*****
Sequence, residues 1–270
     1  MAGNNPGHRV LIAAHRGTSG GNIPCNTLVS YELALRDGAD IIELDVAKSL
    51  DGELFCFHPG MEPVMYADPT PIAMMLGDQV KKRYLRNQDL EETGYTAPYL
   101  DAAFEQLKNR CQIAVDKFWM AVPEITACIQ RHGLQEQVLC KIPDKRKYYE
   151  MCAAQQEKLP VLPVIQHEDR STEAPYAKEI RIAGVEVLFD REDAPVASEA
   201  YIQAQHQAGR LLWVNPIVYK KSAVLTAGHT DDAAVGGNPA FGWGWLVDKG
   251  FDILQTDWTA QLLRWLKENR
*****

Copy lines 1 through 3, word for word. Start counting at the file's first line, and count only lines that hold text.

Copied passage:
Sequence, residues 1–270
     1  MAGNNPGHRV LIAAHRGTSG GNIPCNTLVS YELALRDGAD IIELDVAKSL
    51  DGELFCFHPG MEPVMYADPT PIAMMLGDQV KKRYLRNQDL EETGYTAPYL